By Abel Folgar
By Lee Zimmerman
By David Rolland
By Lee Zimmerman
By Alex Rendon
By Liz Tracy
By Jose D. Duran
By Kat Bein
That complaint aside, This Desert Life proves that the Counting Crows are determined to extend their 15 minutes of fame. Their creative funeral has been postponed due to unexpected sunniness. -- Bruce Britt
Even when Bryan Ferry was the toast of the avant-garde, art-rock glam wave with Roxy Music's first incarnation, decked out in '50s gold lamé and warbling "Virginia Plain" or "In Every Dream Home, a Heartache," it was clear that he was a crooner at heart. He may have been trying to sell the greaser look, but his sensibilities were entrenched well before the greaser era. With Brian Eno's departure, Ferry almost immediately adopted the white dinner jacket look, trading his Elvis-meets-Liberace wardrobe for a little more style and grace.
These Foolish Things, Ferry's first solo attempt, was an all-covers affair, his way of finding his place among his personal pantheon of influential singers and songwriters. The 1973 album was a pastiche of eras and genres, from Bob Dylan to Lesley Gore to the Beatles, but the facility with which Ferry sang the lush title track hinted strongly that the standards could be a primary direction.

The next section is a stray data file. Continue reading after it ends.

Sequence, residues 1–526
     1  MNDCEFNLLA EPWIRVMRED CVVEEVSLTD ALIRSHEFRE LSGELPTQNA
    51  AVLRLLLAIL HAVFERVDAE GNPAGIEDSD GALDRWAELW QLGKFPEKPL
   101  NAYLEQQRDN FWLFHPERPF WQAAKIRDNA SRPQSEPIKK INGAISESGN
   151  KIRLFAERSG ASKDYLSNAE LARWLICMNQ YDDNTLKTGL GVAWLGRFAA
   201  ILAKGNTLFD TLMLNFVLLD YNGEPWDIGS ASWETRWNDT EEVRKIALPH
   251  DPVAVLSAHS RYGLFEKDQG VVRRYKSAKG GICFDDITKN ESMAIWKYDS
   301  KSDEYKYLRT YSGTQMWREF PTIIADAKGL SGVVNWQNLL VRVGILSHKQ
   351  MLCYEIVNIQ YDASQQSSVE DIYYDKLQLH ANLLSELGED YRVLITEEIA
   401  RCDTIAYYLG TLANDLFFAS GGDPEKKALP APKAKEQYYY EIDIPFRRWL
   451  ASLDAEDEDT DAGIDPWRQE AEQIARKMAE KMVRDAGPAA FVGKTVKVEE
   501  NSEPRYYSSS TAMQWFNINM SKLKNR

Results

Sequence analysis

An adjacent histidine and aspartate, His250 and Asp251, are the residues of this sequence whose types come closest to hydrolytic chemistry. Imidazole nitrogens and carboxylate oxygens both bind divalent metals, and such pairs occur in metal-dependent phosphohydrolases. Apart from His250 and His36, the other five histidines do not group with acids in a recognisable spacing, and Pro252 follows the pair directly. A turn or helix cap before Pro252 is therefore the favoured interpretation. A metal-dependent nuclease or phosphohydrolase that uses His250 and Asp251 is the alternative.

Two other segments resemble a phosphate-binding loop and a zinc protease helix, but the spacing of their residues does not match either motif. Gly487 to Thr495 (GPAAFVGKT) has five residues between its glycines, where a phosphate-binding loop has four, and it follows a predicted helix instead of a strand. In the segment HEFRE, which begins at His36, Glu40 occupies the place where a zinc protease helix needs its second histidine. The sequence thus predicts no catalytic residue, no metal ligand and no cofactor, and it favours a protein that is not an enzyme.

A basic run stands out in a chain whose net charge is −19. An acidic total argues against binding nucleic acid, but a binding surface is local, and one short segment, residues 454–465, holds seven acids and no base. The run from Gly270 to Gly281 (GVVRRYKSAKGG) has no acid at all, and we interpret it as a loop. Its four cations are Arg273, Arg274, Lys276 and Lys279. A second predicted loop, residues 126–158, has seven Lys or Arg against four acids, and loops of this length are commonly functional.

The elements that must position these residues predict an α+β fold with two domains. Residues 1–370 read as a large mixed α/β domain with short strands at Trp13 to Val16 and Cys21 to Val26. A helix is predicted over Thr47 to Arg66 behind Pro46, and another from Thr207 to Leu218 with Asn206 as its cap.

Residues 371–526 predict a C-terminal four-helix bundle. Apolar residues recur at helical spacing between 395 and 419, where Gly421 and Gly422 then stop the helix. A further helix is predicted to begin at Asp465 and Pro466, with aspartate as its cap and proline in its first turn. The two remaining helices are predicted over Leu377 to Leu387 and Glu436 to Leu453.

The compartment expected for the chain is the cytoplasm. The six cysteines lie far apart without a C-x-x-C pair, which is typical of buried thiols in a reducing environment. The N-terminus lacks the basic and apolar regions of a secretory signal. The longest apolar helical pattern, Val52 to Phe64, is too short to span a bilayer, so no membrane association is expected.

Twenty-six years later Ferry finally has his classic covers album, the evocative and moody As Time Goes By. Ferry's artful spin on these acknowledged classics utilizes his fabulously expressive trill in the service of songs that predate his birth by at least a decade. With the drama and passion that he brought to Roxy and his subsequent solo pop-dance forays, Ferry absorbs the timelessness of these 60- and 70-year-old pieces, giving them new life without unnecessarily contemporizing them.
Thematically, As Time Goes By reflects on love and time. Roxy fans will take particular note of "I'm in the Mood For Love," as Ferry reteams with former Roxy guitarist Phil Manzanera for a jazzy Brazilian spin on the 1935 chestnut. Ferry's arrangements fall somewhere between straight readings and modern interpretations, depending on how playful he feels with each piece. The charm and ultimate success of As Time Goes By lie in the fact that Bryan Ferry never treats the standards as delicate museum pieces but as living, breathing musical entities. -- Brian Baker